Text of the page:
This type of reboilers have higher heat transfer coefficients and Less susceptible to fouling issues, this is due to the high circulation that can be achieved. Vertical Thermosiphon reboilers also require less space and piping and has low maintenance costs.

The performance of this type of reboiler can be poor if fluids are close to critical conditions. This can happen when liquid and vapor have similar densities. This can give a poor driving force for recirculation hence poorer performance.

Horizontal Thermosiphon Reboilers

Thermosiphon reboilers have two main orientations, vertical and horizontal.

horizontal thermosiphon reboilers rely on natural circulation with vaporization taking place in shell side. The liquid circulation through the exchanger is maintained by the difference in density between the two-phase mixture of vapor and liquid in the exchanger and the single-phase liquid in the base of the column.

This type has a lower headroom than the vertical type but has a more pipework and plot area. Horizontal thermosiphon reboilers also have higher circulation rates, this provides a higher temperature driving force. Also, high velocities and low exit vapour factions, reduced fouling.

Disadvantages of this type includes difficult cleaning on the shell side, and as mentioned before more complicated piping and large plot area.

Horizontal Thermosiphon Reboilers
Horizontal thermosiphon reboiler

Heating medium: Tube side
Process Fluid: Shell side

Why do we have a difference in fluid placement in vertical versus horizontal thermosiphon types?

As we understand that the placement of process fluid is in the shell side for horizontal thermosiphon reboilers. The reason behind this is that it’s impossible to establish a vertical density gradient in the tubes as they are aligned horizontally. Where in the vertical type this is much easier to establish due to its vertical orientation.

Some general recommendations

Thermosiphon reboilers have guidelines that are followed by engineers during the design process, below is a short list:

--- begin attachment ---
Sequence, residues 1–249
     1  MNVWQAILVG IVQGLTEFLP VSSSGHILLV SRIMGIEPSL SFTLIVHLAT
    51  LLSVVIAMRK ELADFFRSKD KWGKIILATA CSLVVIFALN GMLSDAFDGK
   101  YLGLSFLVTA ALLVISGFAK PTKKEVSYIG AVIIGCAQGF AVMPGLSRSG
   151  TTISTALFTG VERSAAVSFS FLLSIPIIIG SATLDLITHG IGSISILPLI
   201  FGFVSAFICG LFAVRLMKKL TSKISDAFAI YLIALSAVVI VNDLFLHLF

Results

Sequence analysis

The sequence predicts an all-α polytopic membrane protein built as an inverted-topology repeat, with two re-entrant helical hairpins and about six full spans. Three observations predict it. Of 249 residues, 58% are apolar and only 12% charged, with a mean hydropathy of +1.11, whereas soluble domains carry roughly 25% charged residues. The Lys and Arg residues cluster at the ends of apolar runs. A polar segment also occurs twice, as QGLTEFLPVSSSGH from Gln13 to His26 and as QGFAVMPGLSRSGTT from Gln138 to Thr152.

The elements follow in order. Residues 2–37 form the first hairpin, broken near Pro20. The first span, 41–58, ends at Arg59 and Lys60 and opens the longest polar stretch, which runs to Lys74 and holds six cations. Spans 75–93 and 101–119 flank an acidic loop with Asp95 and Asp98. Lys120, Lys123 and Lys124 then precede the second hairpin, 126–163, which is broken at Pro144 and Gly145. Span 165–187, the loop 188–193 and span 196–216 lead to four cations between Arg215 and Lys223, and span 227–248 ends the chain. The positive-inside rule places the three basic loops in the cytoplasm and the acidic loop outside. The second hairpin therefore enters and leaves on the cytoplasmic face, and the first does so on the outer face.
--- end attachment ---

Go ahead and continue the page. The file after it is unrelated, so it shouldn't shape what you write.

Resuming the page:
• Recommended maximum heat flux
    For natural circulation reboilers
    37 kW/m2 (12000 Btu/h ft2)
  • For forced circulation reboilers
    94.64 kW/m2 (30000 Btu/h ft2)
  • Normal recommended ratio of circulated liquid to generated vapor in a circulation reboiler. The ratio is 4:1
  • Maximum recommended %Feed vaporized in vertical thermosiphon reboiler is 30% for higher fouling fluids, a lower %Feed vaporized should be used to avoid fouling deposits

Advantages and disadvantages of different types of reboilers

The table below provides a summary:

TypeAdvantagesDisadvantages
Forced circulation+ Higher heat transfer coefficients
+ Can handle viscous and solid containing liquids
+ Circulation rate can be controlled
+ Relatively expensive due to extra shell volume, pump and pumping costs.
+ Leakage of material at stuffing box
Kettle + Low skirt height
+ Easy control
+ Easy to maintain and clean
+ Lower heat transfer rates
+ High footprint requiring extra piping and space
+ Easily fouled
+ High residence time in heated zone leading to degradation of heat sensitive fluids
Once-through natural circulation+ Compact with simple piping requirement
+ Can produce high heat transfer rates.
+ Low residence time in heated zone.
+ Not easily fouled.
+ No control over the circulation rate
+Danger of excessive vaporization per pass
+ Danger of backup in column
+ Need additional column skirt height
Horizontal Thermosiphon+ Higher heat transfer rates
+ Low residence time in heated zone
+ Not easily fouled
+ Reduced fouling due to higher circulation rates
+ High footprint requiring extra piping and spacing
+ Difficult cleaning on shell side
Vertical Thermosiphon+ Higher heat transfer rates
+ Compact with simple piping requirement
+ Low residence time in heated zone
+ Not easily fouled
+ Need additional column skirt height
+ Poor performance if fluids are close to critical conditions.
Internal Reboiler+ Good for space saving
+ Doesn’t require a shell
+ Limited heat transfer area as it need to be designed specifically for the column that accommodate it
+ Maintenance can be inconvenient

Useful readings

  1. S. N. Raju, Fluid mechanics, Heat transfer, and Mass transfer chemical engineering practice, AIChE, 2011, John Wiley & Son, Inc., Publication
  2. K Sinnott, Coulson & Richardson’s Chemical Engineering, Volume 6, 3rd Edition, Butterworth Heinemann

Useful software

Kettle Reboiler Design (KRD)
Shell and Tube Heat Exchanger Design (S&THex)